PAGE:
Reactivating Mobility In & Around West Tampa

Wednesday, February 21, 2024 Expert Insights Safety Project Spotlights

A mural and various signage around West Tampa.


In 2023, Pond conducted a comprehensive evaluation of the parking conditions in the West Tampa Community Redevelopment Area (CRA) to enhance the transportation landscape of West Tampa and pave the way for a smarter, more efficient parking system. The study went beyond assessing the current parking inventory, utilization, and overall effectiveness. It also delved into the managerial strategies involved in parking enforcement to ensure that the strategies employed would be effective in addressing the exact needs of residents, businesses, and visitors in West Tampa.


Once populated by young men working in the cigar factories, West Tampa has historically been plagued by transportation issues since its founding in the late 19th century. Initial growth in the area was stunted when workers from the neighboring Ybor City refused to travel across the Hillsborough River into the “wilds” of West Tampa. The community has come a long way since then with established residential communities and historic commercial corridors. Recent growth and redevelopment have brought renewed investment to the area but have also contributed to new parking challenges.

To better understand the specific parking needs of West Tampa, a comprehensive parking study of the entire area was needed. The project study area sprawled across 832 acres between the Hillsborough River, Armenia Avenue, Columbus Drive, and Kennedy Boulevard. To accurately account for varied land use and parking issues, the study area was split into a north and south side, with I-275 providing a logical separation point. The north side of the study area consisted of mostly single-family residential housing and featured a large historic district with limited parking supply. South of I-275, the area included more commercial development, townhomes, and apartments. Multiple large redevelopment efforts were ongoing throughout the study area including River West, Rome Yards, Main Street Revitalization, and the Tampa Riverwalk Extension. Long-term street parking from students at the University of Tampa also presented a challenge.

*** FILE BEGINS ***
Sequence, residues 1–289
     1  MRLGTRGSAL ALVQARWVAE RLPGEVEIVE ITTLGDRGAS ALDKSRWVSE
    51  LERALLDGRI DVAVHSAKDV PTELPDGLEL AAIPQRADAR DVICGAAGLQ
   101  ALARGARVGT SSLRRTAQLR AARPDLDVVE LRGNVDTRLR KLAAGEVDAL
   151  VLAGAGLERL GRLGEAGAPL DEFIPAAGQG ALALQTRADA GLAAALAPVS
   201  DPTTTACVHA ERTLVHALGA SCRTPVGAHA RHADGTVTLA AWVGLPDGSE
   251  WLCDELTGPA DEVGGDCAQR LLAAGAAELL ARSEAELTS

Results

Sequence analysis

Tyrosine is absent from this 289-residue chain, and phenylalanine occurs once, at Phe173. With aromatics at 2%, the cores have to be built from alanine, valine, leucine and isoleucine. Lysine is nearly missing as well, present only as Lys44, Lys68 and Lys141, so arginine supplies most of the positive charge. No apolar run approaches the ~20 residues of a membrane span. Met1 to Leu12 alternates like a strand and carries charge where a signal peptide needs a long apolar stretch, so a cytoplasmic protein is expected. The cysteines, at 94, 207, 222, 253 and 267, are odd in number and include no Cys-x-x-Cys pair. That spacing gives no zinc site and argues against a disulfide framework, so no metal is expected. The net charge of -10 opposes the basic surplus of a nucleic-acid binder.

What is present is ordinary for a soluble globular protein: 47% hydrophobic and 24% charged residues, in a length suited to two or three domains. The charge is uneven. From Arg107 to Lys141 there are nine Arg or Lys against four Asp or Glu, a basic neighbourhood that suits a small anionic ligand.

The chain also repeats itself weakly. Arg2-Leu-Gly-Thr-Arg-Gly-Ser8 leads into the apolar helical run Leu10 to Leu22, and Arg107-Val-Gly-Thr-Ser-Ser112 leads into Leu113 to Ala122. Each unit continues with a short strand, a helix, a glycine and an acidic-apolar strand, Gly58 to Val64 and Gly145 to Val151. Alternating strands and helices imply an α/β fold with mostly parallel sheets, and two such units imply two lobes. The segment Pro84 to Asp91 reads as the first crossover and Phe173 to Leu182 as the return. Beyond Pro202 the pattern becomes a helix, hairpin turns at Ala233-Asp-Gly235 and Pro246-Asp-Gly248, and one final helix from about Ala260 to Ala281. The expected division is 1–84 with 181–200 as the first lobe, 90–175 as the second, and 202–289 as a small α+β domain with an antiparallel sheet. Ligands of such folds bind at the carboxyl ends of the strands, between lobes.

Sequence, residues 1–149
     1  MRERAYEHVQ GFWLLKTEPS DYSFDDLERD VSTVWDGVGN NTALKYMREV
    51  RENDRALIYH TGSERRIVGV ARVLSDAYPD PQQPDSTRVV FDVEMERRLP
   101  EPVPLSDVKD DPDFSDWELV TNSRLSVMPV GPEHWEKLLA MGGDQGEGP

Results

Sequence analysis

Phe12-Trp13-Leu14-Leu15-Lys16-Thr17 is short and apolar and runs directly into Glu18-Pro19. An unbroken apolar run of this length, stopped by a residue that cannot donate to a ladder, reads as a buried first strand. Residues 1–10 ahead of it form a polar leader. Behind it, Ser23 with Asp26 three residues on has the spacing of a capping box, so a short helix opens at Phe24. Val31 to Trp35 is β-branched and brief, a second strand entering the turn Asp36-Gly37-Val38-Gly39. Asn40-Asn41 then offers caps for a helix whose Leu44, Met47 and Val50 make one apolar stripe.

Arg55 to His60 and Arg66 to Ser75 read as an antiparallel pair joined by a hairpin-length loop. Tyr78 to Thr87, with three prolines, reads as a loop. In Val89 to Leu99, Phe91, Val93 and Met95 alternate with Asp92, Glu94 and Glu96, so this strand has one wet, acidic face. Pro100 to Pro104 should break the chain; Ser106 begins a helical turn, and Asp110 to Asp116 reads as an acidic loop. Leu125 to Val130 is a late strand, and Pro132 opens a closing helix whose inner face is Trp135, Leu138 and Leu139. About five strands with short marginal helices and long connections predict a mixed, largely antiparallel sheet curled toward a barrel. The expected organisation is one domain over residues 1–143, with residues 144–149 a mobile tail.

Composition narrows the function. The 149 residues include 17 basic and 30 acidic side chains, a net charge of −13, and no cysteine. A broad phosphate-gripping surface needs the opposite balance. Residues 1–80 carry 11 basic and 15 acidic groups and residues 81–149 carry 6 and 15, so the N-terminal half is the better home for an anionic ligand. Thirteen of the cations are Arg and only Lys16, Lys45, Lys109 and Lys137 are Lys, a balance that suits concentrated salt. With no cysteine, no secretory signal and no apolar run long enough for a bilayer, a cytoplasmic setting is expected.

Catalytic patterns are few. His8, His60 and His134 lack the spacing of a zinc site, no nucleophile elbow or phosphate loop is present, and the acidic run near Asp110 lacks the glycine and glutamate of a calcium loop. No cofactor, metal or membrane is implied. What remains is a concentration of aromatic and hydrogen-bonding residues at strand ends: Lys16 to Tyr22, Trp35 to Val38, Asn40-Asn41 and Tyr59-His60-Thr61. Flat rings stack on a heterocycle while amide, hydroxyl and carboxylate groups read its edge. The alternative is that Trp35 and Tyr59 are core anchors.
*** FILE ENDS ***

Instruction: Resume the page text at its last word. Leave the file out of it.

To accurately account for the city’s needs, while remaining inclusive of mixed incomes and demographics, a variety of methods were employed to assess the community needs and to address them through projects and policies.

Public Outreach

Engaging with the community was crucial to understanding the specific needs within West Tampa. The community engagement piece involved gathering input on problem areas through an online survey platform where residents could drop pins on an interactive map. The community expressed a strong preference for alternative transportation options, indicating a willingness to walk for over four minutes from their parking spot. The distance to their destination was the primary factor influencing parking choices. Preferences varied based on age, with the senior population preferring closer parking spots. The community’s input highlighted the importance of enhancing alternative transportation options and ensuring conveniently located parking facilities.

Engaging with the community was crucial to understanding the specific needs within West Tampa.

Parking Inventory

Conducting a site visit is an important preliminary step when performing a parking study, as it provides valuable information about the specific location under consideration. Site visits allow data collection, understanding of local context, observing parking behavior, identifying and investigating problem areas, and validating data. Four site visits were conducted over the length of the study.